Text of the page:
In another embodiment, the method further comprises reacting the granular non-carbon with an optional secondary component comprising a halogen or a hydrohalide such that the reactivity and mercury capacity of the promoted sorbent are enhanced. In another embodiment, the promoter and optional secondary component are contacted simultaneously with the non-carbon base sorbent. In another embodiment, the method further comprises adding a mercury-stabilizing reagent selected from the group consisting of S, Se, H2S, SO2, H2Se, SeO2, CS2, P2S5, and combinations thereof. In an embodiment, a method is provided for control of mercury in a flue gas with substantially lower sorbent requirements. Through enhanced sorbent reactivity, mercury removal per gram of sorbent is increased, thereby decreasing the capital and operating costs by decreasing sorbent requirements.

In an embodiment, the promoted sorbent is introduced by direct injection into the flue gas stream. In another embodiment, the base sorbent is promoted within the flue gas stream

In an embodiment, a method is provided for reducing mercury in flue gas comprising providing a base sorbent, either by injection or in situ creation, into a mercury-containing flue gas stream, collecting greater than 70 wt % of the mercury in the flue gas on the promoted sorbent to produce a cleaned flue gas, and substantially recovering the promoted sorbent from the cleaned flue gas. In embodiments where less than 70 wt % mercury removal is desired, the required removal is attained using less base sorbent as would be required with standard base sorbent. In a further embodiment, the method further comprises monitoring the mercury content of the clean flue gas, regenerating the recovered promoted sorbent, and using the monitored mercury content of the cleaned flue gas to control the rate of base sorbent and promoter. In another embodiment the injected promoted sorbent is prepared in-flight by reacting a base sorbent (carbon, non-carbon, or their combination) and a promoter within a pneumatic transport line from which the reaction product is injected to the mercury-containing flue gas stream.

In another embodiment, the promoter is selected from the group consisting of molecular halogens, halides, and combinations thereof. In another embodiment, the promoter is reacted in the gas phase or as a vapor. In another embodiment, the promoter is added at from about 1 to about 30 grams per 100 grams of the base sorbent (carbon, non-carbon, or their combination).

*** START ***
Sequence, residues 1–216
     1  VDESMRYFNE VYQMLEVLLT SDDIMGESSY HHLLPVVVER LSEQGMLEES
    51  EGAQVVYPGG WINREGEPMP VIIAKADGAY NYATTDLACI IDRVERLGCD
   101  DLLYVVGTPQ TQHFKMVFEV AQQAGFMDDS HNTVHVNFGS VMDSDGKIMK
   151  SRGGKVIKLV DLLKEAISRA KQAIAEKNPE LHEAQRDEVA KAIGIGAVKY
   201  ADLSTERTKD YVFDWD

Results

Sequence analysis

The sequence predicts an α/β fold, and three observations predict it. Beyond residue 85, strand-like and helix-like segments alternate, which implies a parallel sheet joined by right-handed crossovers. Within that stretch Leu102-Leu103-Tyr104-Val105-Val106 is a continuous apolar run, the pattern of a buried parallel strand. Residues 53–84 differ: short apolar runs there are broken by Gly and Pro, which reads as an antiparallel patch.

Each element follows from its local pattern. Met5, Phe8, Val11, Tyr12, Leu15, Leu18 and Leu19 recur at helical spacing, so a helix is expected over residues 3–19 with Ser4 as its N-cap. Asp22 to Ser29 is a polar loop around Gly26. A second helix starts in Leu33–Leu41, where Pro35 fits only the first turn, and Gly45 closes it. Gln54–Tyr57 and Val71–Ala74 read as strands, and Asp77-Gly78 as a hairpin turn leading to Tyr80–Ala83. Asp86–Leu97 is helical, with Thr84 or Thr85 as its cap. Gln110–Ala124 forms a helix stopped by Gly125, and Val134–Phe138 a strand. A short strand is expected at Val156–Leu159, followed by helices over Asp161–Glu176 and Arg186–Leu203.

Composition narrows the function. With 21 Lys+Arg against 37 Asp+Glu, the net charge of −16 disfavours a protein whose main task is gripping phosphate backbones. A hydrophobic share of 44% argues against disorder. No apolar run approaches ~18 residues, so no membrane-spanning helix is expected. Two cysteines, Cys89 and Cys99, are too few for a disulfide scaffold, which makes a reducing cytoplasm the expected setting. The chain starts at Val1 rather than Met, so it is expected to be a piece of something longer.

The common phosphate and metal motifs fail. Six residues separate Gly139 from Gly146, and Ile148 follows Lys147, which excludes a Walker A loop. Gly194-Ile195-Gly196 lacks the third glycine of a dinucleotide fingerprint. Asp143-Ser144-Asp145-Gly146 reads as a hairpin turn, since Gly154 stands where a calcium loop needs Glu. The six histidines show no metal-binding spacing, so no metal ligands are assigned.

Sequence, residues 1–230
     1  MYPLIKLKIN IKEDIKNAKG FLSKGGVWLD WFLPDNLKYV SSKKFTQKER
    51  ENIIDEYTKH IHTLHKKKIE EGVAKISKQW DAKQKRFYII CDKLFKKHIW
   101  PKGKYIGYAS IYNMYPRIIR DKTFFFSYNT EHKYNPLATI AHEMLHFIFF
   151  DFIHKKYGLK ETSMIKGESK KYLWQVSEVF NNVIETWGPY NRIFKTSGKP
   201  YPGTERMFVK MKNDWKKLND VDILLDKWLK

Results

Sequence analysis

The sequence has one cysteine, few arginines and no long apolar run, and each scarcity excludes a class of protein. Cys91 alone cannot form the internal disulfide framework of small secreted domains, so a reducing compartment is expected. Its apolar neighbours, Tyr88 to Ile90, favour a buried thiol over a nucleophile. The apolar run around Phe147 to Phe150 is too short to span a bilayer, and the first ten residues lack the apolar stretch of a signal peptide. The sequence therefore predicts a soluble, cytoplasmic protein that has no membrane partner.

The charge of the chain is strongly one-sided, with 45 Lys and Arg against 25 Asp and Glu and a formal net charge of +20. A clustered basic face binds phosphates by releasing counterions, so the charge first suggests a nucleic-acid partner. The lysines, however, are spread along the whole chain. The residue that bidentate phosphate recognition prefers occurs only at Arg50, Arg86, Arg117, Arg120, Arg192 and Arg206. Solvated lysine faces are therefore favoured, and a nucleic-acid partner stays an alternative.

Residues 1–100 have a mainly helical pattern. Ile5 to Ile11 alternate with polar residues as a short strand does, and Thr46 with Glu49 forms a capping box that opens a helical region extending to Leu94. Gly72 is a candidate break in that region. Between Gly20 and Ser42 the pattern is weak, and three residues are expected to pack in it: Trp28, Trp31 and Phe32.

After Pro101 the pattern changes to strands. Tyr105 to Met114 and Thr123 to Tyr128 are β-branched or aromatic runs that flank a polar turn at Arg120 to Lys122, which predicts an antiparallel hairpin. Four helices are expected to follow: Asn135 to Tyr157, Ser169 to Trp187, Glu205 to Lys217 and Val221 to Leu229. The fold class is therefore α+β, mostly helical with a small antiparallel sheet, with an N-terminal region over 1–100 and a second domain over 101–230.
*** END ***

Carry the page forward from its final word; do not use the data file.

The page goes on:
In another embodiment, the injected promoted sorbent is prepared in-flight by reacting a base sorbent (carbon, non-carbon, or their combination), a promoter, and an optional secondary component to enhance the reactivity and capacity of the promoted sorbent within a pneumatic transport line from which the reaction product is injected to the mercury-containing flue gas stream.

In another embodiment, the optional secondary component is selected from the group consisting of iodine, hydrohalides, Group V halides, Group VI halides, and combinations thereof. In another embodiment, the optional secondary component is added at from about 1 to about 15 wt % of the promoter content. In another embodiment, the method further comprises adding to the promoted sorbent a mercury-stabilizing reagent selected from the group consisting of S, Se, H2S, SO2, H2Se, SeO2, CS2, P2S5, and combinations thereof.

In an embodiment, the method further comprises coinjecting an optional alkaline material, including without limitation alkaline and alkaline-earth components, to improve the efficiency of mercury capture by capturing oxidized mercury and/or capturing gaseous components that might otherwise reduce promoted sorbent capacity. In another embodiment, the optional alkaline material may preferably comprise calcium oxide, sodium carbonate, and the like, as are known in the art.

In another embodiment, the method further comprises using the monitored mercury content of the cleaned flue gas to control the composition of the promoted sorbent. In another embodiment, the promoted sorbent is prepared in-flight by reacting a base sorbent (carbon, non-carbon, or their combination) and a promoter within the flue gas stream or in a transport line from which the reaction product is injected to the mercury-containing flue gas stream, wherein the promoter is selected from the group consisting of molecular halogens, halides, and combinations thereof, wherein the promoter is reacted in the gas phase or as a vapor, wherein the promoter is added at from about 1 to about 30 grams per 100 grams of the base sorbent (carbon, non-carbon, or their combination), wherein the rate at which the promoter is added and the rate of promoted sorbent injection are determined by a digital computer based, at least in part, on the monitored mercury content of the cleaned flue gas.